Gene clusters based pathways analysis

To determine the co-expressed genes enrichment in biological pathways, the KEGG analysis was performed on co-expressed gene clusters7. It was observed that all the co-expressed genes in all the clusters are highly enriched in inflammatory signaling pathways (Fig. 2). The enrichment scores show that the co-expressed upregulated genes in cluster 1 were highly enriched in chemokine signaling, cytokine–cytokine receptor interaction and toll like receptor signaling pathway (Supplementary Fig. S2), while a small fraction of co-expressed downregulated genes in cluster 4 were enriched in nitrogen metabolism pathways. The upregulated genes in cluster 3 are also observed to be enriched in peroxisome proliferator-activated receptors (PPAR) signaling pathways.

Figure 2
figure 2

The KEGG pathway analysis results. The enrichment scores are shown based on different clusters, up-regulated, down-regulated and DEGs. In the x axis, the up-regulated clusters are colored red, while down-regulated clusters are coloured green and cluster containing all DEGs is coloured blue. The ranked pathways are shown in the y axis.

Drug repositioning analysis

The results show a high enrichment score in cluster 1 for CP-690334-01 drug profile which is not available for its information (Fig. 3). Following that, cyclosporine, vorinostat and with aferin drug profiles shows the same and second highest enrichment profiles in cluster 1. (Fig. 3). The drug-response associated genes are shown in Supplementary Fig. S3. CMap drug signatures matching cluster 2 were also investigated (Fig. 4) and 11 drug candidates with same enrichment score of the DEGs were selected as follows: metronidazole, ethosuximide, famprofazone, 2,6-dimethylpiperidine, prestwick, betonicine, clomipramine, finasteride, mexiletine, zidovudine, and ciclacilline.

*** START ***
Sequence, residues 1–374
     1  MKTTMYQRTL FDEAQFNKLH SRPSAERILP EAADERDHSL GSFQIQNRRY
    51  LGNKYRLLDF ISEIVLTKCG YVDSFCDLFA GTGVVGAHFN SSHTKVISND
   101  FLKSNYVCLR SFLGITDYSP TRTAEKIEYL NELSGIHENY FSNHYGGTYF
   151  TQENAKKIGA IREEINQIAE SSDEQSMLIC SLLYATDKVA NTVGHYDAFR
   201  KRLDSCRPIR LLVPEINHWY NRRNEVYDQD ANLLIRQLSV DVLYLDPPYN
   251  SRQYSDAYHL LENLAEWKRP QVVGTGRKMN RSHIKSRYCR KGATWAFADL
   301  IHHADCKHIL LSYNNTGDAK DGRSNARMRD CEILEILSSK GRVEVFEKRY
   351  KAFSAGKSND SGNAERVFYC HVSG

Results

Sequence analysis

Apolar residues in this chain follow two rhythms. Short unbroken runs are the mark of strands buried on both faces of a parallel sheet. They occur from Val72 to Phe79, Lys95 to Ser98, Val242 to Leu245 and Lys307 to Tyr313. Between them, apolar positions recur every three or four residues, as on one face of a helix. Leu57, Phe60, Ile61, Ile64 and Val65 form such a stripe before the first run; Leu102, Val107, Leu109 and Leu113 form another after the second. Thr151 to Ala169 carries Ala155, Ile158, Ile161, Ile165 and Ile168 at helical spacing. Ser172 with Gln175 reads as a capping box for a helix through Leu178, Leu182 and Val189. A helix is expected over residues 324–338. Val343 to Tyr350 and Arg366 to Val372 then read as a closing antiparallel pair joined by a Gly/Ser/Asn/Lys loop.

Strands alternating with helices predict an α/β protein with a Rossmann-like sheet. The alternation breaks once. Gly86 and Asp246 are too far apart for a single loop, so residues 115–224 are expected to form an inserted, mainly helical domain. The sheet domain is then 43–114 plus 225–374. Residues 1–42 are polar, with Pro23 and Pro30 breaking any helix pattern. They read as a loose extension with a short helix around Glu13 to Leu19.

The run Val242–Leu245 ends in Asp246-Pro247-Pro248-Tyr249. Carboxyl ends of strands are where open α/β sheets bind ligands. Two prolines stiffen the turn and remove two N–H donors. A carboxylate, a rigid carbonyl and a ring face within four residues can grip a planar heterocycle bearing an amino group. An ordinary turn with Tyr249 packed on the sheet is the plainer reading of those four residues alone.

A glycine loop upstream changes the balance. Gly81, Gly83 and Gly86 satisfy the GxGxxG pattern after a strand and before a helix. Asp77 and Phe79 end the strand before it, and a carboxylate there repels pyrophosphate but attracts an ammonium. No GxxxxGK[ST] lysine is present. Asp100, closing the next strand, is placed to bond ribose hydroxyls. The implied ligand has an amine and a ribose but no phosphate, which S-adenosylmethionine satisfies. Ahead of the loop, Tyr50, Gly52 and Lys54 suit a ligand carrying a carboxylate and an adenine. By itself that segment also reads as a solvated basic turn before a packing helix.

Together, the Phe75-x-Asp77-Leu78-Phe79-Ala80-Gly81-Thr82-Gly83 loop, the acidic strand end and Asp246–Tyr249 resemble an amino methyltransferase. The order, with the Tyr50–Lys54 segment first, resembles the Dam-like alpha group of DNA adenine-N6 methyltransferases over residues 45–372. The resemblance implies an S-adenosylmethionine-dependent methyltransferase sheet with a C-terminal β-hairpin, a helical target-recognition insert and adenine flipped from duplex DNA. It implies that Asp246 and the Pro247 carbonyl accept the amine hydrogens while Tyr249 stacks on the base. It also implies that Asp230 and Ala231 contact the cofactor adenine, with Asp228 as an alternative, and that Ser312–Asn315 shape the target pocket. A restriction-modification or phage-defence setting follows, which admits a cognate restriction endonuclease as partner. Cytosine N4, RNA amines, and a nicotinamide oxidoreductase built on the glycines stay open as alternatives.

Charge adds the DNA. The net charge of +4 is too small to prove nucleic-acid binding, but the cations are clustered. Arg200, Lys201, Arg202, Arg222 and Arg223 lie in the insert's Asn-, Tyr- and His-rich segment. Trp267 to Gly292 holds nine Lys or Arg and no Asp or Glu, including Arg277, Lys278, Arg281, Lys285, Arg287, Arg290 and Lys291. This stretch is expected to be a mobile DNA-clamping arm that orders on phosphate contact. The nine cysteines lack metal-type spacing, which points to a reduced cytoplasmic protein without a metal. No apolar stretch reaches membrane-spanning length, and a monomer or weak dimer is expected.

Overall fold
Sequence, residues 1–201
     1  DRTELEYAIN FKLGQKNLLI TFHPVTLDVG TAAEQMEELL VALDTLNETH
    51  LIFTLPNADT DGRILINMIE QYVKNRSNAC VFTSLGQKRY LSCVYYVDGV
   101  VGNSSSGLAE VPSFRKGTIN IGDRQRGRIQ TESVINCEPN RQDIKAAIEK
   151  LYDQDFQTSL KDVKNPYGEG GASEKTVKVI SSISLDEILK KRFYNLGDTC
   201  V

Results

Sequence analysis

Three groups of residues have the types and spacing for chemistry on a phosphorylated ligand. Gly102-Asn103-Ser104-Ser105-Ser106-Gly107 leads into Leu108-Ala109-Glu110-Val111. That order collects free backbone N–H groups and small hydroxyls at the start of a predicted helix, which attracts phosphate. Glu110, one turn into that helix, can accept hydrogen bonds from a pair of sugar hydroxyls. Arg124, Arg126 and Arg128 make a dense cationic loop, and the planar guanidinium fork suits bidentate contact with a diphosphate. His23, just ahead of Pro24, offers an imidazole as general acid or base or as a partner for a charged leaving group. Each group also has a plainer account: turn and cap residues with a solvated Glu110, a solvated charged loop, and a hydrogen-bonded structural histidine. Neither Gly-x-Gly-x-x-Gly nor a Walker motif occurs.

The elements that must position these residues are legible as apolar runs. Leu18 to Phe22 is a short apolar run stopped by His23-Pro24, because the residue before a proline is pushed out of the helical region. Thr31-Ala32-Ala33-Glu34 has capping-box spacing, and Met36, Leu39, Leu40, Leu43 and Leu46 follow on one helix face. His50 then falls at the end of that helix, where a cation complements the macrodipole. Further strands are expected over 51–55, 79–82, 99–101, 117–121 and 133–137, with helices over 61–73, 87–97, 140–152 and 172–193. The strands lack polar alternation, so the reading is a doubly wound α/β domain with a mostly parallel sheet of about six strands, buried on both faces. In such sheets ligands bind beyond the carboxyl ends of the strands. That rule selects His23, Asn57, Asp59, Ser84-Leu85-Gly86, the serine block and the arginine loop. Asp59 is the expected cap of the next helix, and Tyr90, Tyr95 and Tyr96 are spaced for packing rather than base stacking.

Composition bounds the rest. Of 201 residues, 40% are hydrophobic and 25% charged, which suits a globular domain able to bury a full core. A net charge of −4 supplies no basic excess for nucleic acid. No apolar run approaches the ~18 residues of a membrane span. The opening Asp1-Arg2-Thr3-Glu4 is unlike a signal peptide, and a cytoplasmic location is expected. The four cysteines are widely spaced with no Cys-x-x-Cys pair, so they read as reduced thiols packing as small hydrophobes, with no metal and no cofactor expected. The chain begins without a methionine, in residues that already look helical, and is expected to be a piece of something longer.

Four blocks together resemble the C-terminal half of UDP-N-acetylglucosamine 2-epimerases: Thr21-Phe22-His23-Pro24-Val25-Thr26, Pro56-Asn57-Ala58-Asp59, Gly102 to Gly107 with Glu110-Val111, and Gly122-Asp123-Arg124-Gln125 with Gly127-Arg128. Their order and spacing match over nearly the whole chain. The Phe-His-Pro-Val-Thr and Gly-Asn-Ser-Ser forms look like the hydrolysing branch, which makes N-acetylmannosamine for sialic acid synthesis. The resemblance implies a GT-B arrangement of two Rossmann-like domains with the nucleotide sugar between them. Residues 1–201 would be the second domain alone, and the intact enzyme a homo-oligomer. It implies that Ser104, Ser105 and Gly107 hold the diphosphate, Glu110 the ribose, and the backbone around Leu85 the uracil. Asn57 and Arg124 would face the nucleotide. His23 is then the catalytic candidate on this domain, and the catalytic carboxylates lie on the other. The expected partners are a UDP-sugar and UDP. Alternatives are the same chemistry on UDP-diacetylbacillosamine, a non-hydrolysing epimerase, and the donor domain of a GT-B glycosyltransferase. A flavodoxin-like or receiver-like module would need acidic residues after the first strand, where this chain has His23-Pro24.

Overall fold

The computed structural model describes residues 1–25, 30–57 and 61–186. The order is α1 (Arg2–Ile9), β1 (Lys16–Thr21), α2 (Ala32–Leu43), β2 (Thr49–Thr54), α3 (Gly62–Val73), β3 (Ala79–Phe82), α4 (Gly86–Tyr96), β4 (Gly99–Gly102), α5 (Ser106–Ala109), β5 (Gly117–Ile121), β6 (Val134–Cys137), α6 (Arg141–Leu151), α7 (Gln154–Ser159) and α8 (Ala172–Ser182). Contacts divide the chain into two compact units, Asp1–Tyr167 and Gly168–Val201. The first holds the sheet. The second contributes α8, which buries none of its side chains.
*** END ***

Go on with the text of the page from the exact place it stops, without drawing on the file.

Figure 3
figure 3

Drug repositioning results based on cluster 1. Enriched drugs with the instance number are shown on the y axis.

Figure 4
figure 4

Drug repositioning results based on cluster 2. Enriched drugs with the instance number are shown on the y axis.

Cluster 3 does not show any significant drug profile enrichments, despite of its highly enriched for PPAR signaling pathway. We also observed several candidate drug enrichment profiles (pf-00539758-00, clotrimazole, etanidazole, exisulind, lovastatin, myosmine, pentamidine, prochlorperazine, and sodium phenylbutyrate) in cluster 4, which was enriched in nitrogen metabolism pathway (Fig. 5). However, the ranks of the drugs are relatively lower compared with ranks of drugs in cluster 1 and 2 (Fig. 5).

Figure 5
figure 5

Drug repositioning results based on cluster 4. Enriched drugs with the instance number are shown on the y axis.

Discussion

To the best of our knowledge, this was the first study to predict the drug candidate compounds for anti-TNF refractory CD using CMap-based compound target prediction. Three biologically related groups of pathways, which have an established role in CD, are highlighted in clusters 1 shown in Fig. 2. The chemokine signaling pathway and cytokine–cytokine receptor interaction pathway play important roles in the pathogenesis of CD8. Toll-like receptors, as sensors of gut microbiota, play a critical role in maintaining the gut’s homeostasis and controlling the immune responses, thereby inciting CD9,10. They have been targeted by biologic drugs for the treatment of CD with some success11,12,13.

We focus our repositioning analysis on cluster 1. Cluster 1, which is highly enriched for chemokine and cytokine receptor interaction, identifies relatively many drug profile enrichments. Also, it is notable that the pathways represented in cluster 1 are now the focus of biologic therapies in CD, perhaps in response to the lack of efficacy of small molecule therapies in these pathways.

The information of CP-690334-01, ranked 1st, is not available, however the overrepresentation in anti-TNF refractory CD patients could give us a clear vision when applied to murine model and real patient. An FDA-approved drug for CD, cyclosporin, is captured and ranked 2nd. The data with respect to the use of cyclosporin in CD are very limited. However, recent Australian prospective study shows that a combination strategy of tacrolimus or cyclosporin with vedolizumab was safe and effective when the induction therapy was introduced to CD patients who had failed vedolizumab monotherapy14. This suggests that salvage therapy using cyclosporin may be a strategy to induce remission in to anti-TNF refractory CD patients.